How an amicable divorce can benefit your kids | Express Digest
How an amicable divorce can benefit your kids
Filing for divorce is never an easy decision. This goes double for divorcing couples with children.
Regardless of how you and your soon-to-be former spouse feel about one another at this point, ending your marriage in the least painful, confusing, and traumatic way for your children must be a top priority for both of you.
Here are some tips for striving to make your divorce as amicable as possible so your kids fare better throughout the divorce process and beyond.
As with so many other aspects of human relationships, effective communication is key when it comes to talking to your kids about divorce.
If at all possible, you and your soon-to-be former spouse should sit down with your children together to present a united front as you reassure them that even though their parents won’t be living together anymore, you will both still be there for them.
In addition, be sure to communicate that any feelings they might have about their parent’s divorce are valid and important and that they can talk to both of you about the emotions they are experiencing at any time.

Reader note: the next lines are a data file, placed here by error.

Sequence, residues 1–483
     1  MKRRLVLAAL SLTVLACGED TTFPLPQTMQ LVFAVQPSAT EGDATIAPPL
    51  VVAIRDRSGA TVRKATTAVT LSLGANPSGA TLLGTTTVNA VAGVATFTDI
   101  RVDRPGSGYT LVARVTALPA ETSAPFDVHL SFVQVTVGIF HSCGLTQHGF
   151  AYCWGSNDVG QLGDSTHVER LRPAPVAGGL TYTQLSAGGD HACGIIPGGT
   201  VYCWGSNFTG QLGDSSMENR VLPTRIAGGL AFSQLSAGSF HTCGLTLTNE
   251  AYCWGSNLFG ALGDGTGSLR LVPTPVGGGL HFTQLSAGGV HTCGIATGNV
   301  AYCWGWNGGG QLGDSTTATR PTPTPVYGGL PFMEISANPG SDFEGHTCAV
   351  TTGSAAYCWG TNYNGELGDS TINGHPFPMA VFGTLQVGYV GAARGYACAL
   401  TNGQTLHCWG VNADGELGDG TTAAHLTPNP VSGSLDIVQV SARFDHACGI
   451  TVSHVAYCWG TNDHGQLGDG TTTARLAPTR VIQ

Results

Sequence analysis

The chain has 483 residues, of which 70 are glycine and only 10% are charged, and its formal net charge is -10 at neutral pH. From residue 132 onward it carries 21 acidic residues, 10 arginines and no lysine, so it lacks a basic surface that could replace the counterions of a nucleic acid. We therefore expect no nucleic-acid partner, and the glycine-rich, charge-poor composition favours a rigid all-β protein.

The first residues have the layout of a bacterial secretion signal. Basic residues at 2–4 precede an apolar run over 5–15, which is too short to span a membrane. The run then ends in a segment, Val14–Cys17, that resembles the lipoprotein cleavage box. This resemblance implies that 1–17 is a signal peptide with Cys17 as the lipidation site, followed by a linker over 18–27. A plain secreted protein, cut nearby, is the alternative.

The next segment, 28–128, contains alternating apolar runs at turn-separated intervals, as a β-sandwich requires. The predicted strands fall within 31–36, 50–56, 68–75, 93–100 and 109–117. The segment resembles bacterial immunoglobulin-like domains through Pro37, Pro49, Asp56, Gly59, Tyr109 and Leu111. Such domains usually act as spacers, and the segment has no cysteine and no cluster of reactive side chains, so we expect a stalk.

You might think you are doing your kids a service by trying to protect them from the reality of what is going on, but children are smart: they can pick up on even the slightest changes in attitude, behavior, and routine.
It’s best to be honest with them from the beginning about what is changing (“Mom and Dad are not going to be married anymore”) and what is staying the same (“We are both still your parents and love you very much.”)
Reassuring your kids that while some things are changing, your love and care for them isn’t going anywhere will not only go a long way toward validating their feelings but can also be therapeutic for you and your soon-to-be ex as you navigate your divorce.
Both during and after your divorce, it is essential that you and your former spouse continue to cooperate as co-parents. This means working together to provide a stable routine for your children.
Co-parenting means making an effort to collaborate on all aspects of your kids’ upbringing, both big and small.
It means devising an equitable and feasible custody agreement that gives both parents time with the kids, as well as hammering out any details about extracurricular activities, child support, and health insurance.
It means establishing ground rules for behavior and discipline in both households to keep your kids from becoming confused or lashing out when one parent allows them to do something the other one doesn’t.
With practice, patience, and grace, you and your ex-spouse can co-parent effectively and be there for your children’s important events such as dance recitals, school plays, sporting events, and graduation ceremonies, as well as the little moments that make up their childhood.
Even if you can agree on nothing else, you and your soon-to-be ex-spouse are sure to agree that putting your kids’ feelings first during the divorce process is a top priority.
By choosing a Denver divorce mediator to help you end your marriage in a simple, stress-free way, you’re taking the first step toward a new chapter that benefits your kids as much as it does you.